Thursday, November 26, 2009

More Debunking of Holiday-Travel Hooey

I've been ridiculing all of those media knee-jerk stories about the "Thanksgiving crush" in air travel, noting that the total number of flights are down (by over 5 percent this year compared with last year's Thanksgiving holiday; by more than 20 percent compared with 2000). Not only that, but flights have been averaging 83-84 percent full loads for months -- and over 80 percent for more than a year. At those load factors, nearly every flight is packed full and has been for a long time.

So in the air, the Thanksgiving travel period is overblown as a story. The main difference is that the ratio of business travelers to leisure travelers changes. More leisure travelers hit the system while business travel routinely declines. But the same thing also occurs during the peak summer periods. Also, keep in mind that all business travelers are also leisure travelers at times.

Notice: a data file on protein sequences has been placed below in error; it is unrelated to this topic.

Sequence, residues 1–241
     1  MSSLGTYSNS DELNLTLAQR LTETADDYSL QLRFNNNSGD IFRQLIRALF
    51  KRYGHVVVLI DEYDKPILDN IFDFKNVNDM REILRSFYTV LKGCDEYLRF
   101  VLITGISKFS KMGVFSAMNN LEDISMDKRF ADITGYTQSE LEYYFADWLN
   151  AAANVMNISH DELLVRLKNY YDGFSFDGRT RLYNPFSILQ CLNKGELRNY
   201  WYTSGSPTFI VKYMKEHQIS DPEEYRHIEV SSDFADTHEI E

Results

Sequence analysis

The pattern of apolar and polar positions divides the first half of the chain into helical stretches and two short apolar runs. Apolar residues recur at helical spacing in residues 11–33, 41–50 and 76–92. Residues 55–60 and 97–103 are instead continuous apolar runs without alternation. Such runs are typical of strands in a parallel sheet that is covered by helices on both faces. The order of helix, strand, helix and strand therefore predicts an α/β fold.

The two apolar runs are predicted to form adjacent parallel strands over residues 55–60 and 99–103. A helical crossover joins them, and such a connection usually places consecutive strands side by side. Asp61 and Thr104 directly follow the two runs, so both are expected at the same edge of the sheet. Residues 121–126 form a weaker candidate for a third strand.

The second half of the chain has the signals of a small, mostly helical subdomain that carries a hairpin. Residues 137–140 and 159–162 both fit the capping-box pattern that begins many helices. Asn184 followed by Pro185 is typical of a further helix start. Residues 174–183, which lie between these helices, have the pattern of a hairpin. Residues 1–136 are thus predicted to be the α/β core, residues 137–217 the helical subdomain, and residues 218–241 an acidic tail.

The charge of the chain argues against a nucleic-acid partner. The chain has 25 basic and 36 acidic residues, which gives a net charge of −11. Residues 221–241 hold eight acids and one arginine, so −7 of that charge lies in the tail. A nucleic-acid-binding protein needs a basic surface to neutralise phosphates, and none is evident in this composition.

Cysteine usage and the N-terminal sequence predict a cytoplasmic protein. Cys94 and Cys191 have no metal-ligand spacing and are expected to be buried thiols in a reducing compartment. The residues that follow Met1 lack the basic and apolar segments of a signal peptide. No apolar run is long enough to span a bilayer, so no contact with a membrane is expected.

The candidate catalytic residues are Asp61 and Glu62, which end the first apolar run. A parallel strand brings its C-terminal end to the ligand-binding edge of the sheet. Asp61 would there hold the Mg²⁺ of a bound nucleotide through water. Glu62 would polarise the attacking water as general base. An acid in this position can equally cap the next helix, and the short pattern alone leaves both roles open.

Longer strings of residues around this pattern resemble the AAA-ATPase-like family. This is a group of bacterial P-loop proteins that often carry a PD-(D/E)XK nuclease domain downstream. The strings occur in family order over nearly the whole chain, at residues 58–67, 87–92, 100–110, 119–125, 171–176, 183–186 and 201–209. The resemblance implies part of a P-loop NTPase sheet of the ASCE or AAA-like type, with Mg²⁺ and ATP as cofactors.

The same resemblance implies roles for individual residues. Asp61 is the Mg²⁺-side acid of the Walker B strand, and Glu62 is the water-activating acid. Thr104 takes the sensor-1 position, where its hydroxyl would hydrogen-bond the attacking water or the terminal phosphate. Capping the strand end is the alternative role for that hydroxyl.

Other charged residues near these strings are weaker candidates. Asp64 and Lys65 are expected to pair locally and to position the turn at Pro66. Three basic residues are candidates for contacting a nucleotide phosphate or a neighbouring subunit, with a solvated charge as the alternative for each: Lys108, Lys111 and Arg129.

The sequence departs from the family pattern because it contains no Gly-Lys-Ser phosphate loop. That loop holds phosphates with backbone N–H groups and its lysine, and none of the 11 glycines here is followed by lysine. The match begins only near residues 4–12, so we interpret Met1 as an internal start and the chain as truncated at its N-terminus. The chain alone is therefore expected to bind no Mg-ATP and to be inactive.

Now comes Carl Bialik, who writes an excellent column called "The Numbers Guy" in the Wall Street Journal. The column uses actual numbers and real data (eeeek!) to evaluate various airy claims -- like the Thanksgiving air-travel hype.

Writes Bialik: "In fact, no day last November figured in the top 220 out of the 366 days in 2008, based on the number of flights reported by airlines to the Department of Transportation. ... November hasn't had a day in the top 35 most-traveled in years, according to DOT figures, which track the daily number of flights, not passengers. Instead, most of the busiest days for U.S. airports hit during the summer, when school is out."


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